Those who live and work in the Midwest know that the winter months can be long and grueling. Safety is our number one priority, and as we prepare for the start of winter, we are dedicated to ensuring that our team is equipped with the knowledge needed to work safely in colder temperatures.
From cold-related injuries like hypothermia, to nasty slips and falls due to ice, the winter weather can be a hazard for those working outdoors. As the first snow begins to fall, keep the following in mind in order to keep you, and your team, safe this winter:
Check Weather Forecasts
Keeping track of the day-to-day weather forecast is a great first step in protecting your team from the elements. You don’t want to send your team out on the same day that a major blizzard is forecasted to blow into town.
You should also keep an eye on temperatures and try to schedule work on the job site during the warmest part of the day and when the sun is highest.
Wear Proper Winter Gear
When working outside in cold temperatures, it is important that you wear clothing that will keep you dry and warm. Wearing multiple layers of loose clothing will create an insulating effect, as opposed to tight clothing that inhibits circulation.
The head, hands, and feet lose heat more rapidly than other parts of the body, so always be sure to wear a hat, gloves and layered socks. Choose boots that are both insulated and waterproof. Also make sure that your footgear provides traction and will protect against slipping or tripping on ice and snow. Depending on the weather conditions, additional protective gear, like waterproof pants or a full face mask, may be necessary.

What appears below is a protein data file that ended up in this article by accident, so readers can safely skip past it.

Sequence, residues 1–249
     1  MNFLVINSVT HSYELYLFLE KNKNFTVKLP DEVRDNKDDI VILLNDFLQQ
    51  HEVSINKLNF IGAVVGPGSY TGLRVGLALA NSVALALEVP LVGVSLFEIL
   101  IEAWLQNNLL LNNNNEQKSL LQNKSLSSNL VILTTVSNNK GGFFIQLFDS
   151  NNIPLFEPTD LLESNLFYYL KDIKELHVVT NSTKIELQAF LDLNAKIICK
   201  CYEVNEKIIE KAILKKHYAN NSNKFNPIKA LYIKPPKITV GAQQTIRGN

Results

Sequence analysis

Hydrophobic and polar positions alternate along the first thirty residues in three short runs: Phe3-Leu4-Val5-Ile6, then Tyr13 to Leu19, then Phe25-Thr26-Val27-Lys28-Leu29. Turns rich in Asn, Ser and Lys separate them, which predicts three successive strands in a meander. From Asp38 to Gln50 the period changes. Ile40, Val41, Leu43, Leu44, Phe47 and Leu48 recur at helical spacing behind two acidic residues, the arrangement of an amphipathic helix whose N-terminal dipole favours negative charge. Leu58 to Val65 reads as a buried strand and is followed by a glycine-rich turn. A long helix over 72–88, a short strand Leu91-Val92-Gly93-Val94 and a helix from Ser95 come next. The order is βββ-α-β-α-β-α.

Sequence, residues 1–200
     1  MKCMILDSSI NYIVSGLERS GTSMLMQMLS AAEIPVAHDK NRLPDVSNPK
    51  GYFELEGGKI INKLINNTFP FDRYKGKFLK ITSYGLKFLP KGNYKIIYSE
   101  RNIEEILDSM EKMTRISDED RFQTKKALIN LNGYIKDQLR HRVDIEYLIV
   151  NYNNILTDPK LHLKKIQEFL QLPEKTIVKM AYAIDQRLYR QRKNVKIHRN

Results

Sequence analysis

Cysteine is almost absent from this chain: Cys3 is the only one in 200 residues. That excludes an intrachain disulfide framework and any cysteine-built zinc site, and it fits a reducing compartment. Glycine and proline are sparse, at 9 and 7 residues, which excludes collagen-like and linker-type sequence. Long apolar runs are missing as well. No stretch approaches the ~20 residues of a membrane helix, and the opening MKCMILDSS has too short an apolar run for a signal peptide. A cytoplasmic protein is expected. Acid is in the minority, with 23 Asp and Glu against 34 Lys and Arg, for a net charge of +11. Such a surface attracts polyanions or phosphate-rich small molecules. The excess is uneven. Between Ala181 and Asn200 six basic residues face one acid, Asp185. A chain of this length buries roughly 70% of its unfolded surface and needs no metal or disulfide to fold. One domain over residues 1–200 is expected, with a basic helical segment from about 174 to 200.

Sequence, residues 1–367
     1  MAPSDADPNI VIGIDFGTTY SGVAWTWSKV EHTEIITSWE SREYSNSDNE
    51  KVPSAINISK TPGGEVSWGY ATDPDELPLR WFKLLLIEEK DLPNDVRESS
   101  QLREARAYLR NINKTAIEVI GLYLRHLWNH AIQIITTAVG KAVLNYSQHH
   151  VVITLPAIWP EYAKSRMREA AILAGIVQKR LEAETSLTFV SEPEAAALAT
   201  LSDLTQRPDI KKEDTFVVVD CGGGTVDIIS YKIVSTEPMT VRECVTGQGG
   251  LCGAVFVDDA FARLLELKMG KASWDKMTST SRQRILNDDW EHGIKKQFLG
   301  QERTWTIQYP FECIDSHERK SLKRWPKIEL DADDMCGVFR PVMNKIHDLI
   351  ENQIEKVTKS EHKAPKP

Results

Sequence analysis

Always be sure to have a dry pair of work clothes onsite, as moisture of any kind carries heat from the body twenty-four times faster than if you were dry.
Limit Exposure and Prepare
When you have a break, move to a warm location. Time spent exposed to cold temperatures should be as limited as possible. Make sure that workers are scheduled in teams of at least two people. Utilizing the buddy system will allow workers to monitor each other’s conditions and behaviors, watching for signs of cold-related illness or injuries.
Working in cold weather depletes the body’s resources more quickly than normal.
Taking frequent breaks will help workers avoid fatigue, and eating foods high in calories and carbohydrates will contribute to energy resources. It is also important to remain hydrated, but avoid caffeine, as this increases the heart rate and makes people feel falsely warm. Water or a warm non-caffeinated beverage is best.
Know the Symptoms
Making sure that your team is properly trained to recognize the characteristics and symptoms of cold-related injuries is very important. This will help workers recognize changes in their own body, and their coworkers. Training should include knowledge of cold-related injuries, what symptoms are, and applicable first aid.
The most common cold-related health concerns are hypothermia, frostbite, and trench foot. Hypothermia is the most dangerous, and if left untreated, can result in death. The importance of the buddy system cannot be overlooked when it comes to noticing warning signs.
While working outside can be a perk for those in the construction industry, it can also be dangerous if you are not properly prepared for the elements. We never know how long the winter will last in the Midwest, so our team at RBV is ready to bundle up, buddy up, and grab an extra thermos of hot chocolate.